Toronto’s divided self has always found expression in its urban design. In a sense, there are two Torontos: the highly planned, highly developed city known as “downtown,” a word locals sometimes say with an air of exasperation, and the city of “the neighborhoods,” enclaves of civic spontaneity like Little Portugal, where Hoofland is located. The seminal urban theorist Jane Jacobs commented on just this aspect of the city when she moved here in 1968 from her beloved Greenwich Village. “Toronto is a very refreshing city to come to from the States,” Jacobs said on a Canadian TV program. “It’s all full of romanticism and quirks and surprises and ingenuity, particularly in the way outdoor space is used.” But Jacobs also recognized Toronto’s “civic schizophrenia,” as she put it. On the one hand, it was a bottom-up, fun, free-spirited city of creatively repurposed public spaces. On the other, it was a top-down, pompous, overplanned city that seemed perversely devoted to stamping out its more creative twin.
As of 2015, the situation has grown more curious. For most of the past decade, Toronto has been a skyline of cranes, each hoisting a fresh glass-skinned tower up from a podium slab. The boom is partly thanks to Canada’s strict lending standards, which allowed it to largely avert the global real estate bubble. And so, ironically, it was the country’s infamous prudence that helped unleash the current wave of construction and speculation. Developers completed more than 20,000 new condo units across the greater Toronto area last year, an all-time record. And yet, though international money pours in, it is not the case that pompous Toronto is swallowing indieartsy- Etsy Toronto whole. The two now encroach upon one another in novel and disorienting ways. For downtown, that means borrowing from the cachet of the arts scene, sometimes to sell real estate that is unremarkable. For the art and culture scene, it means courting international recognition and money. The key term for both is design.
“Design has followed food as the lure,” said John Baker, who co-owns Mjölk, a hybrid art gallery–design boutique in the Junction neighborhood, northwest on Dundas Street West. With his chunky Yellows Plus eyeglasses and Viridi-Anne high-waters, he could be a “creative class” avatar in Sim City. Down to the last item, his store, which reflects Japanese and Scandinavian influences, is exquisitely curated. He seeks recognition abroad, he told me, as a means of getting Canadians to acknowledge him. “Famous designers design for us,” he said, pointing to furniture by the Italian Luca Nichetto and the Norwegian duo Anderssen & Voll. “Only then do people here talk and notice.”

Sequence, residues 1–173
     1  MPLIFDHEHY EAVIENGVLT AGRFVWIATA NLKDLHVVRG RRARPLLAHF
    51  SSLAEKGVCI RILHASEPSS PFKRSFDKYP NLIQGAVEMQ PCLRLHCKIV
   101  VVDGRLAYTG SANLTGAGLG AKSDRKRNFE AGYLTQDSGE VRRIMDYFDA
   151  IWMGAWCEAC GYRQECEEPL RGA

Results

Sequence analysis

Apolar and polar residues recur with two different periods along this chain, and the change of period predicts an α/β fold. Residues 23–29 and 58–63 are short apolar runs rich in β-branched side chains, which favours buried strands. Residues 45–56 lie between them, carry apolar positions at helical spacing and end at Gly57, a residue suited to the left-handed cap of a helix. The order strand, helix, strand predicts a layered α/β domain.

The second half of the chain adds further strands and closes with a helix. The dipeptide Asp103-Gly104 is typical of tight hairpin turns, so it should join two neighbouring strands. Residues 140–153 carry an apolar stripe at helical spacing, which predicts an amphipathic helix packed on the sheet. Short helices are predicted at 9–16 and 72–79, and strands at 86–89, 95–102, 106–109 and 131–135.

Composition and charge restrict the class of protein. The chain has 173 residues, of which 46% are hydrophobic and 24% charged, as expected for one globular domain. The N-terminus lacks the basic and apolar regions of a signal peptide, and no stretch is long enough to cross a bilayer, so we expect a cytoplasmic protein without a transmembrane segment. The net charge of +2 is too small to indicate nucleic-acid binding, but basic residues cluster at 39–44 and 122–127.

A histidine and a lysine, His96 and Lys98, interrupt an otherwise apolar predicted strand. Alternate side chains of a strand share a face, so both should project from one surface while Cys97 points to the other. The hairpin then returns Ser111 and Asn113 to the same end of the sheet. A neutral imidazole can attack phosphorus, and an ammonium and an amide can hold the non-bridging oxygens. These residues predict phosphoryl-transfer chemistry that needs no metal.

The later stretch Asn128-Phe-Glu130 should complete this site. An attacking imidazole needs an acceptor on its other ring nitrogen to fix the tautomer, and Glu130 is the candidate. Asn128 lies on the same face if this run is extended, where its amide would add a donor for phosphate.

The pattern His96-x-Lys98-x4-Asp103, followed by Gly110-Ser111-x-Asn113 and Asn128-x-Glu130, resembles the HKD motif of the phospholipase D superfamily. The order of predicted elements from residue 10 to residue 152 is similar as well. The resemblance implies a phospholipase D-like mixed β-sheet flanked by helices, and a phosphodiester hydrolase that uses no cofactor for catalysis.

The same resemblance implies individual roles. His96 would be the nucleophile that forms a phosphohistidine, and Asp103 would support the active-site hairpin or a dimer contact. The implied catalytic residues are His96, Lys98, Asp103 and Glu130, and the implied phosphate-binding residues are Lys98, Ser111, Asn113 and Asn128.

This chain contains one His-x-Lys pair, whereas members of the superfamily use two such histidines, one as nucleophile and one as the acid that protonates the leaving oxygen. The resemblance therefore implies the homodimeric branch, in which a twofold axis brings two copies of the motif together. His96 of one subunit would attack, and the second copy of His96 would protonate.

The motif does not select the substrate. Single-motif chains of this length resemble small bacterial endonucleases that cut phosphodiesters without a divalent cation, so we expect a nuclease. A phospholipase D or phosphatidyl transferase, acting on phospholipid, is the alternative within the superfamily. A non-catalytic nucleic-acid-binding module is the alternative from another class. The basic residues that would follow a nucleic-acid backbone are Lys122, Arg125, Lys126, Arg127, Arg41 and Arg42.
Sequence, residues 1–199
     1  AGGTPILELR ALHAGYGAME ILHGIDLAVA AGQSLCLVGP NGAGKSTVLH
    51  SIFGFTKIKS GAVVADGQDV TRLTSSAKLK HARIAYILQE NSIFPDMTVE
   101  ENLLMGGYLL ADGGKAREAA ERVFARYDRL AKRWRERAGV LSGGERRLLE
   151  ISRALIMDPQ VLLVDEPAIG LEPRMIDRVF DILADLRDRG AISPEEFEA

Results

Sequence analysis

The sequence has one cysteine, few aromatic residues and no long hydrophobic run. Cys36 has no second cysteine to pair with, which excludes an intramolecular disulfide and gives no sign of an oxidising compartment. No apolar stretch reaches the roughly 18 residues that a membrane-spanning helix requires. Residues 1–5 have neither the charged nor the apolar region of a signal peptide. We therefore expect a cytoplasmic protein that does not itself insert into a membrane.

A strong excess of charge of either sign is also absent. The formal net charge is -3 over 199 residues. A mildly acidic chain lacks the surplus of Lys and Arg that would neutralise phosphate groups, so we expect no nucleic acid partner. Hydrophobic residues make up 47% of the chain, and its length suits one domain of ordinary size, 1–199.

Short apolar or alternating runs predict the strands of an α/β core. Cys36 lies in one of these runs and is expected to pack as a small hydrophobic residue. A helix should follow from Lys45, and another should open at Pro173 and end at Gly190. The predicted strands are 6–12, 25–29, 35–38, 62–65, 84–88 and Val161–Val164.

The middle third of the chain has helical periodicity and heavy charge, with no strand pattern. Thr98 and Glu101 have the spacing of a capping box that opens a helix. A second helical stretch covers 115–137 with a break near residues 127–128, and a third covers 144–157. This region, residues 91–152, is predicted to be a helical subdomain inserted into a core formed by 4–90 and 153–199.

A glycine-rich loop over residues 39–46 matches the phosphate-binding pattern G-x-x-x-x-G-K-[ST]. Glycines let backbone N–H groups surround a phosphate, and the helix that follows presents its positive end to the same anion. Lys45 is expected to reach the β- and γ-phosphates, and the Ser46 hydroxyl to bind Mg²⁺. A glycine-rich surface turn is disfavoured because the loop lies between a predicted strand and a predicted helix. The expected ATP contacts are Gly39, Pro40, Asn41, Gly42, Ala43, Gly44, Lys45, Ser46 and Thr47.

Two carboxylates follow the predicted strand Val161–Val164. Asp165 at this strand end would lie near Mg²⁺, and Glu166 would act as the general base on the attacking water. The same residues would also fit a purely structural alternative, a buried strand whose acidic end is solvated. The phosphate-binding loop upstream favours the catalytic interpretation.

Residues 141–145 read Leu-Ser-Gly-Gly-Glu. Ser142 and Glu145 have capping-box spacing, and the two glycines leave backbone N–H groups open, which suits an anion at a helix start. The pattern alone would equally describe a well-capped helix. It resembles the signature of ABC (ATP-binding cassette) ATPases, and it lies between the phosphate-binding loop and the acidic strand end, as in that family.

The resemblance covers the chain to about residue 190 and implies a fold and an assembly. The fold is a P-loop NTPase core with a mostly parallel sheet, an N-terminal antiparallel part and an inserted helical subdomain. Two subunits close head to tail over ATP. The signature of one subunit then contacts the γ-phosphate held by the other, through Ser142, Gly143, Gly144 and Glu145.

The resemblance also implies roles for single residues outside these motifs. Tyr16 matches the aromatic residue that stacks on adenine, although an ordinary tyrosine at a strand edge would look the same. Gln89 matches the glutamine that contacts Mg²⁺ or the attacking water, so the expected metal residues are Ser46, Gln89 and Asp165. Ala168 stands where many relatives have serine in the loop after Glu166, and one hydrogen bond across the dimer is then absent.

“Design has followed food as the lure,” said John Baker, who co-owns Mjölk, a hybrid art gallery–design boutique in the Junction neighborhood, northwest on Dundas Street West. With his chunky Yellows Plus eyeglasses and Viridi- Anne high-waters, he could be a “creative class” avatar in Sim City. Down to the last item, his store, which reflects Japanese and Scandinavian influences, is exquisitely curated. He seeks recognition abroad, he told me, as a means of getting Canadians to acknowledge him. “Famous designers design for us,” he said, pointing to furniture by the Italian Luca Nichetto and the Norwegian duo Anderssen & Voll. “Only then do people here talk and notice.”
Jonathan Sabine of MSDS Studio, a small firm that has exhibited work at Mjölk and has designed products for the Toronto-based housewares company Umbra, has similar feelings. “It helps to be accepted by the rest of the world in order to elevate our position here,” he said. He and his partner, Jessica Nakanishi, worry that some developers throwing up towers downtown don’t share their values, which they describe as humanism, multiculturalism, and craft. Sabine recalled a developer who bulldozed a building housing artists’ studios and in its place erected a condo called… “Art Condo.” In an effort to shape the Toronto they want to live in, MSDS is working with what Nakanishi called a “thoughtful developer” on a more human-scale condo project. “We want to build things that last,” she said, “that are beautiful rather than glitzy.”